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Please don’t patronise us, Madame Zille

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Please don’t patronise us, Madame Zille

“There is something so terrible in watching a Black man trying at all points to be the dark ghost of a European” – Ayi Kwei Armah in The Beautyful Ones Are Not Yet Born.

Elsewhere in this issue, we are taking an in-depth look at South Africa as it goes through one of its most critical phases since the ending of apartheid (see cover story, page 14). By coincidence, or happenstance, or perhaps inadvertently, one of the country’s major political players touched on an issue that seems to be gaining currency in many capitals, especially of the Western world.

Helen Zille, the Premier of South Africa’s Western Cape province, stirred the hornet’s nest by saying something that people of European stock have been saying for aeons and which I want us to interrogate.

According to Zille, who was seen as a “progressive” during the days of Apartheid for her stance against that evil system, colonialism “was not all bad” for Africa because it bequeathed to the African a legacy of roads, motor cars, education, piped water, judicial systems, etc.

“For those claiming [the] legacy of colonialism was only negative‚ think of our independent judiciary‚ transport infrastructure‚ piped water etc‚” Zille tweeted on 16 March, and was met by a flurry of Black African fury that forced her to reluctantly apologise after many hours of futile self-defence.

A pugnacious journalist before she became a politician, she felt the need to spar with her critics before the enforced apology came. “Would we have had a transition into specialised health care and medication without colonial influence? Just be honest‚ please‚” she wrote in a second tweet as all hell broke loose around her.

Feeling swamped, she shot back: “I am talking about the motor car. Today in South Africa, this colonial leftover is not only a means of transport, but the ultimate status symbol.”

Her response aroused the wrath of a South African, calling himself simply NomalangaSA, who tweeted back: “I’m sure next you’ll tell Jews to look at the positive side of Nazi Germany… we can’t trust you ma’am.”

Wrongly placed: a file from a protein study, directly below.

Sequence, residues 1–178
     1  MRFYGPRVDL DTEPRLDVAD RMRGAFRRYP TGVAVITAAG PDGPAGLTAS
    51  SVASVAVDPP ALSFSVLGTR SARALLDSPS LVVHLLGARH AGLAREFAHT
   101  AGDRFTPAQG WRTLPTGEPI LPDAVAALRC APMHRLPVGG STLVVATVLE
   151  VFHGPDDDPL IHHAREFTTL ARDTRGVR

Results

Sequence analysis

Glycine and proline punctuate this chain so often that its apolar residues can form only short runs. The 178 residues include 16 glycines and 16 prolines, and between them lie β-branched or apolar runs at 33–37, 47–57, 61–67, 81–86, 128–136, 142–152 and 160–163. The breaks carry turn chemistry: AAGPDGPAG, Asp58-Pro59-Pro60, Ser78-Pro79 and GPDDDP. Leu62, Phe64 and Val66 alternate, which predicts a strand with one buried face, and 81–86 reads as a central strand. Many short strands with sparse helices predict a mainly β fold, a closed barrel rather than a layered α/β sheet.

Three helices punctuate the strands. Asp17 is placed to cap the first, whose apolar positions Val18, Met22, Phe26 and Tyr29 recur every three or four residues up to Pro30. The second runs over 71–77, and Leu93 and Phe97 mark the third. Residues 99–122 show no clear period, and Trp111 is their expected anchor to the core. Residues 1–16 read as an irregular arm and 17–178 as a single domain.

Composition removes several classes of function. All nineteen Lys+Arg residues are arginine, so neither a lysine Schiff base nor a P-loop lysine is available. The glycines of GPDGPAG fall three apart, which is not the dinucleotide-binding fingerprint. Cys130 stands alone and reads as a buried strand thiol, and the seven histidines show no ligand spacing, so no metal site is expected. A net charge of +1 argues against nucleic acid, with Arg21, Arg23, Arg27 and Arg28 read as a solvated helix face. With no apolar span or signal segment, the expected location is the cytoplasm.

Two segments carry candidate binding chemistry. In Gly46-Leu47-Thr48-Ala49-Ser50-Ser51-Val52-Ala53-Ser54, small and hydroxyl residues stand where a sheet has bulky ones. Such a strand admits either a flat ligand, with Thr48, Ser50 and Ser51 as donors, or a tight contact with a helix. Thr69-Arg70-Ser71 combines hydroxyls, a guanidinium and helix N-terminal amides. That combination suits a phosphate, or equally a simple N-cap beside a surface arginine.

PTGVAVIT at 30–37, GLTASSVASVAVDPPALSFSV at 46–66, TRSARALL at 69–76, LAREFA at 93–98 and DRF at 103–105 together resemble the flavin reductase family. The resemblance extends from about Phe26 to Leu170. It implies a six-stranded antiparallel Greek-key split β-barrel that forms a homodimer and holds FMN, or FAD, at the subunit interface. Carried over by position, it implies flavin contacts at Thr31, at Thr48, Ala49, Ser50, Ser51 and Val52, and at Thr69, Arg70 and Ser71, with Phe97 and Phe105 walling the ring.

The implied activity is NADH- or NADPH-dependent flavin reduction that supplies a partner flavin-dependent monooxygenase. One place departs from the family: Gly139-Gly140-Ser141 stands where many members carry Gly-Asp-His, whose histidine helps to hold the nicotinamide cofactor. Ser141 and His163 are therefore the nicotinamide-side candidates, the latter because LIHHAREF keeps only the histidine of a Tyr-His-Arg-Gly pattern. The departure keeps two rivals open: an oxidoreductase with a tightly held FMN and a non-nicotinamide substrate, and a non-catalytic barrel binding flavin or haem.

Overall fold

The controversy brought in Zille’s fellow Democratic Alliance (DA) party colleague, Mbali Ntuli, who attacked her, saying in a tweet: “It was ONLY negative!! Colonialism = development argument is trash as those subjugated can attest to. It’s like saying Nazism was good for German democracy and their advancement in technology.”

This forced Zille to counter-attack, saying: “I do not know what positive Hitler produced. He stoked up nationalism and authoritarianism and genocide‚ and destruction.”

Here, the DA’s current leader, Mmusi Maimane, felt obliged to step in and call his former party leader to attention: “Let’s make this clear,” Maimane tweeted, “colonialism, like apartheid, was a system of oppression and subjugation. It can never be justified.”

It was a view shared by another South African, Phumzile van Damme, who said: “Colonialism was a crime against humanity. There isn’t a single aspect of it that can be said to be positive or beneficial to Africans.”

More South Africans joined in. One tweeting under the name “Kobbibrwn” was more colourful in his response: “That’s f*ck*d up Helen. What’s good infrastructure going do for me when I’m oppressed?” Zille hit back: “Do you think life would  be better without infrastructure?”

In the end, Zille had to back down, in the Western Cape provincial parliament: “I apologise unreservedly for a tweet that may have come across as a defence of colonialism. It was not,” she told her fellow provincial legislators in Cape Town.

Challenge the universal white view
But if what she had been doing all along, replying cheekily to her critics, was not “a defence of colonialism”, then clearly that Madam needs a new dictionary. In fact, Zille was echoing what her white predecessors and contemporaries in Africa, Europe and elsewhere had said, or have been saying, for years! Witness Ian Smith, writing the following in his 1997 memoirs, which I quoted in my April column: